Various international investigations have focused on higher education admission systems as these seek to identify the academic potential of new admissions. In many countries, standardized admission tests are used as they are considered good predictors of future academic performance by candidates. Further to this, as is the case in Chile, the Single Admission System (SUA, in Spanish) employs and additional ranking that seeks to consider the long-term performance of students in terms of their study context. This is done using a candidate's average school grades and weighing this result with a ranking associated with their school. This weighing aims to reduce the importance that a single selection test may have and so provide opportunities to underrepresented groups in higher education. However, this system has been widely criticized for not fulfilling its central aim and worse still in that it increases discrimination against students who come from less favored sectors. In Engineering degrees in particular, the SUA calculates the scores by assigning different weights to the ranking, which may vary from 10% to 40% depending on the engineering career considered. This present study seeks to analyze the different sources of information that the SUA system uses to determine the correlation that these may have with academic performance in first year students. The data analyzed is for a population of 7,845 students entering engineering careers between 2013 and 2017, where a stratified random sample of 675 students from a private Chilean university was considered, having the highest enrollment at the national level in engineering careers. Using a correlational analysis, the aim is to detect variables that may play a relevant role in first-year academic success. The data considered includes age, gender, type of school, school ranking, scores attained in selection tests, and their course grades at the end of their first year at university. Preliminary results show that SUA indicators are not sound predictors of academic performance for this sample of first-year engineering students. Results obtained are discussed and suggestions presented on the use of available information to improve a university selection and admission system. Moreover, the uptake of these study results by higher education institutions is encouraged to develop actions that may accompany and buttress academic performance during the first year of university studies for students identified as being at risk.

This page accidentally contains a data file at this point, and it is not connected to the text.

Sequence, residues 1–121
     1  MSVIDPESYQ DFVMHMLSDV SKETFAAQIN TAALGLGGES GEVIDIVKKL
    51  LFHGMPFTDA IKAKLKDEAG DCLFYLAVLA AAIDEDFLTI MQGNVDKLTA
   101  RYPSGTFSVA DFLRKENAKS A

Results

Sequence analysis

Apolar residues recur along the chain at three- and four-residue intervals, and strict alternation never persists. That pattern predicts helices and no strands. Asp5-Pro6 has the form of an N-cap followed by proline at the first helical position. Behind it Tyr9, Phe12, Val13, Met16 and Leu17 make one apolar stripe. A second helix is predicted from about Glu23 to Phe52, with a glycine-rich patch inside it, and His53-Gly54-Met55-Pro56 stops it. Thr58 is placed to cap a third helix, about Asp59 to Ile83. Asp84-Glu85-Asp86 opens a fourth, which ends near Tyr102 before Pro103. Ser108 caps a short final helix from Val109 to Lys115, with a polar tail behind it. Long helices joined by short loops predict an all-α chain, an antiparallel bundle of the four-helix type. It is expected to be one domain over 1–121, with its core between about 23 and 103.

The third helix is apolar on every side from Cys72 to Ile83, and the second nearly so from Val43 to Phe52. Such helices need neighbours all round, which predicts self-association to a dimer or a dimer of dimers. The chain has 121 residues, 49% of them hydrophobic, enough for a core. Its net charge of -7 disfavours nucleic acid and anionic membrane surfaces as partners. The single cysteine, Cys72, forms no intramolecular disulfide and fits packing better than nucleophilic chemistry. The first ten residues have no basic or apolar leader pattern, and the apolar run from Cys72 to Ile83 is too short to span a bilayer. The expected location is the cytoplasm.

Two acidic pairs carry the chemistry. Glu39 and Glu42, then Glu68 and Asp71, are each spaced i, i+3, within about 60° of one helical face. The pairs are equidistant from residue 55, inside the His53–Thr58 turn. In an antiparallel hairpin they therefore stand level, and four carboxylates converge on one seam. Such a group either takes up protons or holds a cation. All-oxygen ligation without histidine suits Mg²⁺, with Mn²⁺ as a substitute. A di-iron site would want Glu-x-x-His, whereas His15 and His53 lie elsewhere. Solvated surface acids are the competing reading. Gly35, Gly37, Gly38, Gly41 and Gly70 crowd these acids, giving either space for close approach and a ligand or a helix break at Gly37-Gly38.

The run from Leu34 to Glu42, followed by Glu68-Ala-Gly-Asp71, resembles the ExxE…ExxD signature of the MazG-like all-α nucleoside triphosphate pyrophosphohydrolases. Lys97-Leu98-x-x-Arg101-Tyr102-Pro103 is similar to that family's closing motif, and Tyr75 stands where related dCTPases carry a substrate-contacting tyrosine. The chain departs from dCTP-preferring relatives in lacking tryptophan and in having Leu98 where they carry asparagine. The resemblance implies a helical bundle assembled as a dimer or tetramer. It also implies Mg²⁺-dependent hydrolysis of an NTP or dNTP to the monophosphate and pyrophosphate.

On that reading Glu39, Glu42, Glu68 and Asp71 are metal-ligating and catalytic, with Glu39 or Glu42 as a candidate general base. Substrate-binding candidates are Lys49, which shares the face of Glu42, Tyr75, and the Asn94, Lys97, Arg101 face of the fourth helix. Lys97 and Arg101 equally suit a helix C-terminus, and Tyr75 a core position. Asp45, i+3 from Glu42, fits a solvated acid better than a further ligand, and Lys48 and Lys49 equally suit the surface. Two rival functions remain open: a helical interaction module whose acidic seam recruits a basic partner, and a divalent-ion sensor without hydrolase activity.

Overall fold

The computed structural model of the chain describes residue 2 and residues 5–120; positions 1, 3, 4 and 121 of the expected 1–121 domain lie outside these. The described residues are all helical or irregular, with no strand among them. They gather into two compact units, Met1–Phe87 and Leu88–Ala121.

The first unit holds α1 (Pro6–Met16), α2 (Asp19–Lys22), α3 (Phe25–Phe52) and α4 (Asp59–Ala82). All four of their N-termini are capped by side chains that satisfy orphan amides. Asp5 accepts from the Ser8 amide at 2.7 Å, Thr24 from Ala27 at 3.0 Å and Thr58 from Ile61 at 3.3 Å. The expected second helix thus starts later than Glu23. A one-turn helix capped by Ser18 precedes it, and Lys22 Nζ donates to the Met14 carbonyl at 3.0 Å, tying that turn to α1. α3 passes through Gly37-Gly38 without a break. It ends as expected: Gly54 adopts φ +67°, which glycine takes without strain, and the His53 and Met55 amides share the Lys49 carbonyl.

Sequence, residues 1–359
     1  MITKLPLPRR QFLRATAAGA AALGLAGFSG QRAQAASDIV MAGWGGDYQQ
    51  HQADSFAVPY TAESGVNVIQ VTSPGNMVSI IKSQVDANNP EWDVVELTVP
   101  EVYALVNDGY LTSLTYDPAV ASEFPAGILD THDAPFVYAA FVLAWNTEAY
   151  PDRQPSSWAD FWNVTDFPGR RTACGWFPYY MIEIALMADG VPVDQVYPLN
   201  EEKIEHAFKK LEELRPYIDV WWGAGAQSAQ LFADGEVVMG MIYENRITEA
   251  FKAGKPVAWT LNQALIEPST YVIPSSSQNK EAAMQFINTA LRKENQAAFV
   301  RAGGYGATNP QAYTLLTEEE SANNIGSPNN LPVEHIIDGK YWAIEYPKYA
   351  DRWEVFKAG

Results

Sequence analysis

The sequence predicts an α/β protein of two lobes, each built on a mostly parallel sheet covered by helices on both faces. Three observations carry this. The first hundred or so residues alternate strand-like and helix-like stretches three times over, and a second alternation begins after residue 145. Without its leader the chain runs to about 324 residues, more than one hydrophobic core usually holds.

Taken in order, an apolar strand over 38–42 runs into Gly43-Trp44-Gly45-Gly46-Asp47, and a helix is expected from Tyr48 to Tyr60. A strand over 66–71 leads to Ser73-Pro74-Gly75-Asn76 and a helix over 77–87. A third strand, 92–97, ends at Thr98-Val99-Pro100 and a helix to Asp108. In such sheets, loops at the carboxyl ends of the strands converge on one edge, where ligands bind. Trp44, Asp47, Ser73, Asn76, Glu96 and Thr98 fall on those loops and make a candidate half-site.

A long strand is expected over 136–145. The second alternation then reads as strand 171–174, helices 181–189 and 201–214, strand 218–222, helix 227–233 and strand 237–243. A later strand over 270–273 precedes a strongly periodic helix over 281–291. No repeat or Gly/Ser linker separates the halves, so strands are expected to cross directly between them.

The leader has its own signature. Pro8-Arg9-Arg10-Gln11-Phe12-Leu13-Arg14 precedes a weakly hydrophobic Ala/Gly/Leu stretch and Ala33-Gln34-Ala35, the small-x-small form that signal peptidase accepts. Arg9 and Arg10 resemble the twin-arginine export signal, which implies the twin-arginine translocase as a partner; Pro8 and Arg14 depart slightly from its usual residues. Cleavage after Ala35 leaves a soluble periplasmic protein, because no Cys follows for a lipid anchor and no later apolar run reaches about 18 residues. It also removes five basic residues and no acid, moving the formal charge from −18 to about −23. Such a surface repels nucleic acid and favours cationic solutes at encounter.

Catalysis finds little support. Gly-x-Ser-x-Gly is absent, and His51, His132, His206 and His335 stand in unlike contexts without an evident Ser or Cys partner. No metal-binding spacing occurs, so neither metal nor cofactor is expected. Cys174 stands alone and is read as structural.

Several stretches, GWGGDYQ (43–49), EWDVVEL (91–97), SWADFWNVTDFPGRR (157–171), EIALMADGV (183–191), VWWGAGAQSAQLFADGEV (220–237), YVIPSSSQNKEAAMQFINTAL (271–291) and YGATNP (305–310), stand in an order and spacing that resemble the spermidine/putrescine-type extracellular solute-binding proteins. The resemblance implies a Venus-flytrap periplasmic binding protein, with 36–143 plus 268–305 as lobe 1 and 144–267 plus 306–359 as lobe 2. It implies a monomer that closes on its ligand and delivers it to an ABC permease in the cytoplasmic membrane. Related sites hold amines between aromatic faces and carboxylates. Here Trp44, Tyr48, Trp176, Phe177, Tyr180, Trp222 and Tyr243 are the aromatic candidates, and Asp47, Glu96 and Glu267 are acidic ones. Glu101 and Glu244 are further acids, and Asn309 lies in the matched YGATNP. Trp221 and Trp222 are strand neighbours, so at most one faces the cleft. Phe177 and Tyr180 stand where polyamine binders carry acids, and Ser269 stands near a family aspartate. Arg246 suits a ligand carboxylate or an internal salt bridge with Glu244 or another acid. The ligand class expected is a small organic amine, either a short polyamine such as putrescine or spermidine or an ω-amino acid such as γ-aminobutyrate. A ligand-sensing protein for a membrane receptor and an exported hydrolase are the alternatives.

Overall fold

|Publicación||ASEE Annual Conference and Exposition, Conference Proceedings|
|Estado||Publicada - 23 ago. 2022|
|Evento||129th ASEE Annual Conference and Exposition: Excellence Through Diversity, ASEE 2022 - Minneapolis, Estados Unidos|
Duración: 26 jun. 2022 → 29 jun. 2022
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